• Yes, obviously. It can be surmised from the title of my post that the problem isn't the telco knowing where you're connecting, but that they're perfectly happy to collect and turn over that information to government agencies without a proper warrant.

    • I don't see any reason you couldn't route a call through Tor to hide your location. Of course, it's seeming more and more likely that parts of Tor have been compromised, so maybe that won't help all that much.

      • by greenbird (859670)

        http://www.oneluckyelephant.com

        Layer one and two are the problem. Tor helps with layer 3 and 4. Your cell phone radio (layer one) has to give identifying information to the cell tower so the cell tower can authenticate it and link it to the network (layer 2). This is done continuously while the cell radio in the phone is on through the command channel. It's constantly checking in with all the cell towers within range so it can be determined which cell is the best for data connections and handing off to the optimal tower. So regardless of

      • by Albanach (527650)

        I think Tor is TCP only, so SIP is pretty much out of the question. Asterisk could work with IAX, Skype might work too.

        Latency will be an issue. If it remains consistent thought you can get away with over 1 second of latency on a voice call - not much different than a call routed via satellite.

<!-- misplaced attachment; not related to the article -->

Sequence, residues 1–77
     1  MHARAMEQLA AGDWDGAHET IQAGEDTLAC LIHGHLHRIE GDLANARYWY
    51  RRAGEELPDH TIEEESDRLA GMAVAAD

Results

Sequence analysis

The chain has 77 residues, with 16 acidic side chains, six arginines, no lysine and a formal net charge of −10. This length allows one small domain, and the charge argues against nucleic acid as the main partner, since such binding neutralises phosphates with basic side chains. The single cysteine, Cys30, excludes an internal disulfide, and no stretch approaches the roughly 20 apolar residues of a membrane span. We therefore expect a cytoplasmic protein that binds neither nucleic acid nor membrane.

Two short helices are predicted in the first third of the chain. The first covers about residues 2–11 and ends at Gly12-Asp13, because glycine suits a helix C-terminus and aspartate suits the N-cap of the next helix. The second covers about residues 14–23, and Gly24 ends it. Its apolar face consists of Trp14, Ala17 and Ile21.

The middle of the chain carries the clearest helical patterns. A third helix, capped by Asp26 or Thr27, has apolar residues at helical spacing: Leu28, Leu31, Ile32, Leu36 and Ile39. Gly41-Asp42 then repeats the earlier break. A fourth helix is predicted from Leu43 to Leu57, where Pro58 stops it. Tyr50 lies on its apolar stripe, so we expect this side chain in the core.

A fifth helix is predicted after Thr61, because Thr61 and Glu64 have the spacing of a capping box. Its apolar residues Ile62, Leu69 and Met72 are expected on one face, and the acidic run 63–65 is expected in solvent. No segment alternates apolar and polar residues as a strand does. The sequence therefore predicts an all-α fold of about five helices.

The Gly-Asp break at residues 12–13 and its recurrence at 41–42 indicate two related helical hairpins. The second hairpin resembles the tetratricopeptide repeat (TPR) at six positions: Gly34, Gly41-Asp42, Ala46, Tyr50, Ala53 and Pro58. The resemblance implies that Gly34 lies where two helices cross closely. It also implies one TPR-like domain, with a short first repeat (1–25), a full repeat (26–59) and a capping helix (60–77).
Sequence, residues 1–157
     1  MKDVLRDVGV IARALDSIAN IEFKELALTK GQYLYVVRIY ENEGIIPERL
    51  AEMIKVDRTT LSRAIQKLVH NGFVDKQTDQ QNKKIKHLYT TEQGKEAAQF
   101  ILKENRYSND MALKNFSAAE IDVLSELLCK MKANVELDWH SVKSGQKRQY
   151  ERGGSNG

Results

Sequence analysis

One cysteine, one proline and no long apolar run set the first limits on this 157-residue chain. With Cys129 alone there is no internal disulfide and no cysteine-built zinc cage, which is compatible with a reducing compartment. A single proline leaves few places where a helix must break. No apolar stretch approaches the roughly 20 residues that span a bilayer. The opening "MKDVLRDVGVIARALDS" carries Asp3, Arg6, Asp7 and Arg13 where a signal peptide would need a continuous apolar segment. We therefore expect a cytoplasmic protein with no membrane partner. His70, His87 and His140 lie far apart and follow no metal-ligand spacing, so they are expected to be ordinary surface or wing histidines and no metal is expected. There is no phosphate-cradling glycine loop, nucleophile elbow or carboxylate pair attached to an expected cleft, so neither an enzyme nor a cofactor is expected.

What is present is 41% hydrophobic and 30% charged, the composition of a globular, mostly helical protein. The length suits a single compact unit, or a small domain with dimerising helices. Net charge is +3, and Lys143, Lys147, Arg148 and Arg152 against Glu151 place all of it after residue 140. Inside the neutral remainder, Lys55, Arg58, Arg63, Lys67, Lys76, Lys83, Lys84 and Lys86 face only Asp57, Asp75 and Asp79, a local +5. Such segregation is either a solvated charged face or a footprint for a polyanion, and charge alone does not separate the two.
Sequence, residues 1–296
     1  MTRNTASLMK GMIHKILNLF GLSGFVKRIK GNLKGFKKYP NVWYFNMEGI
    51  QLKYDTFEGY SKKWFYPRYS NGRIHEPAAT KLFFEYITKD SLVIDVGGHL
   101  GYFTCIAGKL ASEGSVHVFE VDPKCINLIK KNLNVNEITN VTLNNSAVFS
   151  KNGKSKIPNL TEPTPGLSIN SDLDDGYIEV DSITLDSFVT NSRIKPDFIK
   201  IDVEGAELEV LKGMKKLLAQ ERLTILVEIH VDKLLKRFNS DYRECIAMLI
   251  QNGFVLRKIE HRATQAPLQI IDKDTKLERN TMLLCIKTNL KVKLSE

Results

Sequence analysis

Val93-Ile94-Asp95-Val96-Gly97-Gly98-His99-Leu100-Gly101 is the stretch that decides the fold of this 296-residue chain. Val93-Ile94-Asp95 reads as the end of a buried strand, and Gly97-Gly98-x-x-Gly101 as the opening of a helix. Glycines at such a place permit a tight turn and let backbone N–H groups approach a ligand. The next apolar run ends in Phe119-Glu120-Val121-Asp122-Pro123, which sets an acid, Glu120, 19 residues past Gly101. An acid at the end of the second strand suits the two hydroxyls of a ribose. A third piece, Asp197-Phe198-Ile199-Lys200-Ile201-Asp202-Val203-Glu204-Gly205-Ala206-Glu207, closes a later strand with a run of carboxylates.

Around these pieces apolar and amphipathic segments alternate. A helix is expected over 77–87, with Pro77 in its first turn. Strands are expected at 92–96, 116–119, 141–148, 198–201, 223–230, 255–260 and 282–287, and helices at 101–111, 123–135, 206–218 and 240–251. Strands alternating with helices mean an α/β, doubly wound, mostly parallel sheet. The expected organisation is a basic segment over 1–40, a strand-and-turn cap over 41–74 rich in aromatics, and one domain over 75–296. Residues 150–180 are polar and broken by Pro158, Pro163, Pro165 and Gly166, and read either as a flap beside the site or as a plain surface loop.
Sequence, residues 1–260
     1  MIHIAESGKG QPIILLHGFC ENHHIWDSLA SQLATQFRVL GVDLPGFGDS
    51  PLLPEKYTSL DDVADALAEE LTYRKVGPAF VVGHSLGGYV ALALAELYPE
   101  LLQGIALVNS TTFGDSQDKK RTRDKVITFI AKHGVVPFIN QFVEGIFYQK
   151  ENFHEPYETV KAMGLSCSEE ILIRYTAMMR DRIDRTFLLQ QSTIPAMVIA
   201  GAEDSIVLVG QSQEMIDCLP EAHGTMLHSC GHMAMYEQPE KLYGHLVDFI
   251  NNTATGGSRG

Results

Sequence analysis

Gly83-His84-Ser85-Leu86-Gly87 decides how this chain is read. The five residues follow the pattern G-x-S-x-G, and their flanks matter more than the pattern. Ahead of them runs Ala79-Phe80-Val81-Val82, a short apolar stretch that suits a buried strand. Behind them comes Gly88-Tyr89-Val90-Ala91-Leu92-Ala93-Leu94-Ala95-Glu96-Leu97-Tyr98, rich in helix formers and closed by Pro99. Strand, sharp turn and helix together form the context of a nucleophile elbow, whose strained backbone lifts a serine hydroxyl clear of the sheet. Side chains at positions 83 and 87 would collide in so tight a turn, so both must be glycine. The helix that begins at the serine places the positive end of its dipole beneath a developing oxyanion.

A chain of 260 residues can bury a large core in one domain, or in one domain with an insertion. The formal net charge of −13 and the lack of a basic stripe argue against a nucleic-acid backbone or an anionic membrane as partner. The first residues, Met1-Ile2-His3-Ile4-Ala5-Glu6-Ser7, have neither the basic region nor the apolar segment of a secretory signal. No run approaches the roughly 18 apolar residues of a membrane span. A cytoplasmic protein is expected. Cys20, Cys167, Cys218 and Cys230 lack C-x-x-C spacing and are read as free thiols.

If latency fluctuates widely then jitter may become a problem. You'd need to compensate for that too. Jitter and high overall latency don't make for a good calling experience. I could see latency going above 2 seconds

      • by Burz (138833)

        You would probably want I2P instead of Tor (which was built only for browsing over TCP). I2P handles UDP-like traffic just fine, and is more resistant to compromise because its designed to safely distribute re/routing among all users. Its also pretty easy to adjust the number of relay hops, like trading anonymity/latency on a sliding scale.

    • Aren't cell phones *required* to provide as much location data as possible for emergency services and the like?
    • unless the phone contacts first to wifi, then to other blackphones nearby forming a mesh network (that can be possible, but initially unlikely, due to low popularity of blackphone), then finally to some of available celltowers (not necessarily the one with strongest signal).
  • I posted these same thoughts last time I saw a "secure" phone on slashdot. Apparently it was long enough ago that it's no longer in my post history?

    Regardless, there are two options I am aware of: 1) end to end encryption or 2) insecure messages/communication

    The problem with #1 is that it requires secure devices on BOTH ENDS of the communication. You get very little bonus security if your device is secure, but the text messages, emails, phone calles etc. go unencrypted over the wire. That's fine, but now I

    • by Burz (138833)

      Why is that such a big deal? People already install apps and buy gadgets so they can interact with people they know in a specific digital domain.